You see there is much more to it than one being naturally being better than the other. For that to be true one must totally ignore other important factors, most notably the quality of the actual build of the rest of the instrument.  You see, whilst there are many poor quality laminates (which literally are nothing more than cheap thick plywood) there are good laminate builds too. Likewise I have come across a great many 'solid wood' instruments with terrible build quality. In the world of solids, that is usually signified by thick, heavy tone woods, fat bracing and a general shabby approach to the instrument. Such things can kill a solid wood instruments tone stone dead.

I would go further and state categorically that I have seen many laminate bodied ukes that have played better, sounded better (and just felt better) than many 'solid' wood ukes. This tends to be most noticeable at the cheaper end of the market the most.  Laminates are actually used by terrific guitar makers such as Taylor and Martin who use 'professional instrument grade laminate' which really is rather sublime. Sadly you don't see it much on ukuleles as manufacturers tend to revert to cheap plywood at the cheap end, but on models such as the Kiwaya KS5 you will see what I am talking about. But it doesn't always come at great cost either - the Baton Rouge Sun models are a great example of thin, tidy laminates coupled with a great general build that will knock the spots off a cheap 'solid' ukulele that has been over built (I am looking at you here Oscar Schmidt...). Lanikais fit the same category in my view, as do many entry level Kalas. Sure, there are woeful laminates too (too many to name) but they are not a guarantee of bad sound in every case.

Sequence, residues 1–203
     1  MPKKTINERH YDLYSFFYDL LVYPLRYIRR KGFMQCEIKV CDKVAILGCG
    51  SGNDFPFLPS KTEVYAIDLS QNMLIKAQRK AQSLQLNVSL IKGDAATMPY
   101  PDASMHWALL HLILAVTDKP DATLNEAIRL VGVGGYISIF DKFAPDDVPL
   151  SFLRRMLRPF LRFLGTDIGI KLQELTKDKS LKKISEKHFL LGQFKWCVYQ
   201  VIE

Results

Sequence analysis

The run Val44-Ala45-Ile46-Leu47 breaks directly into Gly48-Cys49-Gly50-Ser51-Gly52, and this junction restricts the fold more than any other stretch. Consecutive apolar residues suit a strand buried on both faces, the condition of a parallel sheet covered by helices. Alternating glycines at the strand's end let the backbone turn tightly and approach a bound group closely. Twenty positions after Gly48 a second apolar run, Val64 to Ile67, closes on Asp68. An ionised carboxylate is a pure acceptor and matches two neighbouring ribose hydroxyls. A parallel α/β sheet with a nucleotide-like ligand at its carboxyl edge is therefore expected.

So new players should, I feel, understand more of what goes into making these instruments before shouting that 'I bought a solid wood uke so it MUST be good' nonsense. There are bad solid wood ukes out there - some truly terrible and no amount of using the word 'solid' will change that. They are just badly built. Harsh to hear perhaps, but true.

Are there laminates I don't like? Yes, plenty - mainly the preserve of the $30 ukes that use plywood that looks like it came out of a joiners yard - rough, thick, boxy (and that also describes the sound). They could not be further away from good quality laminates. Look at the edge of a sound hole for a clue - it should be thin. The cheapest ukes like entry level Mahalos are thick, thick thick. But that poor quality control is really part of why all laminates seem to be tarred with the same brush.

Cheap thick laminate ukulele
When laminates are bad - cheap, thick, horrible...

There is no shame in a lot of laminate bodied ukes - they work for a certain price point. Sure, I own many solid wood ukuleles, some high end, and given the choice and budget I would always buy them, but I also have laminate instruments too. It's horses for courses.  One thing you won't find me doing is looking down on laminates as a whole other than looking down on badly made instruments as a whole. Doesn't matter what they are made of, if it's bad, it's bad.